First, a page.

Patients have had to share beds as others sleep on the floor at the Rift Valley Provincial General Hospital, which is grappling with high number of referrals.
Simon Kipkorir, from Solai in Subukia, said he slept on the floor as other patients shared beds.
Mr Kipkorir had sustained head injuries during an assault and was referred to the facility from Bahati sub-county hospital.
“The patient is not badly off; he has been attended to. But my worry was that he might get infections by sleeping on the floor where people vomit. The floor is generally not attractive to sleep on,” his brother Alexander Rutto said.
The facility has a high number of patients in its wards, with some requiring surgeries and others implants.
Health executive Kariuki Gichuki said the congestion was a result of a high number of referrals. “It is worrying that the facility, by virtue of being level five, receives a high number of patients, who we cannot send away even if it is full to capacity,” he said.
John Tuwei, a patient, told The Standard he could not afford to pay for surgery yet he was covered by the National Health Insurance Fund (NHIF).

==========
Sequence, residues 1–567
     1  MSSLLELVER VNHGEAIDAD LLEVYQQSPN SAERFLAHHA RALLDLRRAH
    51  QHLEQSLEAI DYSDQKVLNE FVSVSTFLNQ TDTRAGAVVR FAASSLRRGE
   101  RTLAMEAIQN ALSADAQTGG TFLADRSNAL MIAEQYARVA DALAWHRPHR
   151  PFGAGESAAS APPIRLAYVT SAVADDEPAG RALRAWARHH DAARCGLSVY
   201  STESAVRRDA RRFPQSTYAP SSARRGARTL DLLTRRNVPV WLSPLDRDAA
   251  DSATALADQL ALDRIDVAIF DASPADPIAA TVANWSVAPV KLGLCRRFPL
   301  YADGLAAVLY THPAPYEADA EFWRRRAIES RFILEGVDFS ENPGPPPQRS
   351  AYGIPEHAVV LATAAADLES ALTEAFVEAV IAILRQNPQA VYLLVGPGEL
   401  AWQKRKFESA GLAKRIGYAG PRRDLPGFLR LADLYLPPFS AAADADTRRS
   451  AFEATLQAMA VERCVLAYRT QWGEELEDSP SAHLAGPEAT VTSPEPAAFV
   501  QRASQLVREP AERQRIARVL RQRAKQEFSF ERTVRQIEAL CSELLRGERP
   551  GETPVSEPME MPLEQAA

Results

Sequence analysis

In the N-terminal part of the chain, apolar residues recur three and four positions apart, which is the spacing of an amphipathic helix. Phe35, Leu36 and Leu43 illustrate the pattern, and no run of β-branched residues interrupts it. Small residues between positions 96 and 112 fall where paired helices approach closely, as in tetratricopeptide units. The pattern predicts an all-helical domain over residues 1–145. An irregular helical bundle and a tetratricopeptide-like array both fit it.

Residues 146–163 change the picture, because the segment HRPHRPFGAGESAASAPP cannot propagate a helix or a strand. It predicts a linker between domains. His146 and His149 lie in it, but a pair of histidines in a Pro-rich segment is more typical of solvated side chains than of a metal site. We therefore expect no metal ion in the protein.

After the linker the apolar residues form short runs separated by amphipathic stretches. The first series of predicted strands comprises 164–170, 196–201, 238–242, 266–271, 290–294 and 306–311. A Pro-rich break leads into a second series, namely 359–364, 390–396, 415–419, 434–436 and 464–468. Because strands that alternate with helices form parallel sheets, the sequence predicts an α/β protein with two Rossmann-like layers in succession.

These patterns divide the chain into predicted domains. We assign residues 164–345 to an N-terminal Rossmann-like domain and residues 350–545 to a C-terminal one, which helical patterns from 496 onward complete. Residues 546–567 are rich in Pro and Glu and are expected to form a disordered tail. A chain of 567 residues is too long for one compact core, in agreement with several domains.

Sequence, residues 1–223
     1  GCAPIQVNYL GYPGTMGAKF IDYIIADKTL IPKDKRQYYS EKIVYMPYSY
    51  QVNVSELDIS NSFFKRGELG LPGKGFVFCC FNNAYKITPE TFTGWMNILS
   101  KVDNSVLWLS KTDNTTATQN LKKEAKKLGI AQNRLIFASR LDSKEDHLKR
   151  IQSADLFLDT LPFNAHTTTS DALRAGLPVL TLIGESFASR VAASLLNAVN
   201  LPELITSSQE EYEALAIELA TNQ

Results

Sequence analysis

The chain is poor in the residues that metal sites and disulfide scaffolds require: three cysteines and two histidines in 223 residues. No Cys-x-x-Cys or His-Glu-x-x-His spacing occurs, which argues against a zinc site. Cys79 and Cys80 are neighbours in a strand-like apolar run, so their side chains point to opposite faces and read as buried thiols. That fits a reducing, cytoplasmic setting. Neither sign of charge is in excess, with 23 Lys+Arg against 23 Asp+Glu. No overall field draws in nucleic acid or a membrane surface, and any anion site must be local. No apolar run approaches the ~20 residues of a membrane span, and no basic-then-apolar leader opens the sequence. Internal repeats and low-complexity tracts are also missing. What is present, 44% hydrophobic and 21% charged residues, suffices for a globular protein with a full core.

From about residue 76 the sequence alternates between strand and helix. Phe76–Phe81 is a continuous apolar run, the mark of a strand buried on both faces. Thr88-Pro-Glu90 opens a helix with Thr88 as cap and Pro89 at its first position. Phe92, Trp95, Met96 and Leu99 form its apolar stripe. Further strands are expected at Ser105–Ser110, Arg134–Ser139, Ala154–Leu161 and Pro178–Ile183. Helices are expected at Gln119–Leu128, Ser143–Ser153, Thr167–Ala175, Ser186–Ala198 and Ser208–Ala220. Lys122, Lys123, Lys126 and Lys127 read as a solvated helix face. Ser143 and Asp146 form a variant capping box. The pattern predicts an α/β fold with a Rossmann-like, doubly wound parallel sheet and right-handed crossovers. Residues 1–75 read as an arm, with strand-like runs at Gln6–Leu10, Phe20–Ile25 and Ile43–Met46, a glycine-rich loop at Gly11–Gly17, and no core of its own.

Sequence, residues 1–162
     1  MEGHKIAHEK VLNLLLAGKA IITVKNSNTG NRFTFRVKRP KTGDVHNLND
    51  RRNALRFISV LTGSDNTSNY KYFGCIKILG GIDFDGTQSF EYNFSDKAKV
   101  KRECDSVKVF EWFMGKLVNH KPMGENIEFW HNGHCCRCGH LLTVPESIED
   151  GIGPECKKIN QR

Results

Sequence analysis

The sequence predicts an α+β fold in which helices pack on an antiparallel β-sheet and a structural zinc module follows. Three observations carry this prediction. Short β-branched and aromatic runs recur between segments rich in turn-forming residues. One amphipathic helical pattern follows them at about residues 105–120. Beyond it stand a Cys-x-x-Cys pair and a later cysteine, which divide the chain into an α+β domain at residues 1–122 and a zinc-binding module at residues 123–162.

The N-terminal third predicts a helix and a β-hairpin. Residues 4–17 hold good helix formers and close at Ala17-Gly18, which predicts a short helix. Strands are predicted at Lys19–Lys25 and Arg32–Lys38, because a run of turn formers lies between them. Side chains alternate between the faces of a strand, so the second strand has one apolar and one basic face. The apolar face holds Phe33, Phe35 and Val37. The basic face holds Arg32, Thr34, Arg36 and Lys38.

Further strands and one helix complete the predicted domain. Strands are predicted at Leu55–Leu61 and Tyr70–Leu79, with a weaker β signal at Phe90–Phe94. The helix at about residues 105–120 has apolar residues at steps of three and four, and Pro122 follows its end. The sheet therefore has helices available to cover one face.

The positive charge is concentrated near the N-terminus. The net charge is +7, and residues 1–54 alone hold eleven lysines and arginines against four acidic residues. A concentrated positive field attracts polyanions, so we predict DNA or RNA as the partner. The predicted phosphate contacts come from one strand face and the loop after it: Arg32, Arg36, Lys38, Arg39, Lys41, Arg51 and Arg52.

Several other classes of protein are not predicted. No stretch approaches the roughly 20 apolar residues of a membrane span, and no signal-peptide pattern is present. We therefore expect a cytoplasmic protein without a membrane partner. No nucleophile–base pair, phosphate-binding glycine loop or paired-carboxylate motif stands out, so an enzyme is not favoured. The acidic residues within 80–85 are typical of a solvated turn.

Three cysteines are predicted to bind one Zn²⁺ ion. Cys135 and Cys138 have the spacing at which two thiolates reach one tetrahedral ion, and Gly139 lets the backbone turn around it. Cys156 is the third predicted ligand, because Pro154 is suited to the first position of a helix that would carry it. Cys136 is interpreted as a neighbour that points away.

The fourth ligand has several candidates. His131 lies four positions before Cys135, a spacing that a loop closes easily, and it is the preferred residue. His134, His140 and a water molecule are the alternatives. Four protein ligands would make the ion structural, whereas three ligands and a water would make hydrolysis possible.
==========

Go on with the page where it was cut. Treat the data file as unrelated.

“When I was admitted here, my condition was bad. My face had fresh injuries and stitches that made people fear sleeping with me. I enjoyed, but after healing, I am not able to stretch and have to be keen to avoid being harmed by my bed-mate,” he said.
The hospital serves patients from Nakuru, Bomet, Kericho, Samburu, Baringo, Nyandarua and Laikipia among others. At least 2,000 patients are treated daily, with 750 of them being inpatients.
Hospital superintendent Joseph Mburu said there was an influx of patients at outpatient department due to increased referrals from other hospitals in Nakuru and neighbouring counties.
Dr Mburu said lack of medical insurance cover contributed to the congestion.
With 120 per cent occupancy, the orthopedic ward is the most affected. It has at least 71 patients, which is double the expected number of 36.
“The hospital is receiving high number of patients, with the most affected being ward 10 that has patients with fractures and who require operation, but it remains a challenge because they do not have medical cover,” said Mburu.
The doctor said the intensive care unit had also received many patients referred from other facilities and counties. The hospital has six ICU beds installed with ventilators and blood test analysers. A nurse at the Mother Baby Wing said though bed capacity was 48, occupancy stood at 55.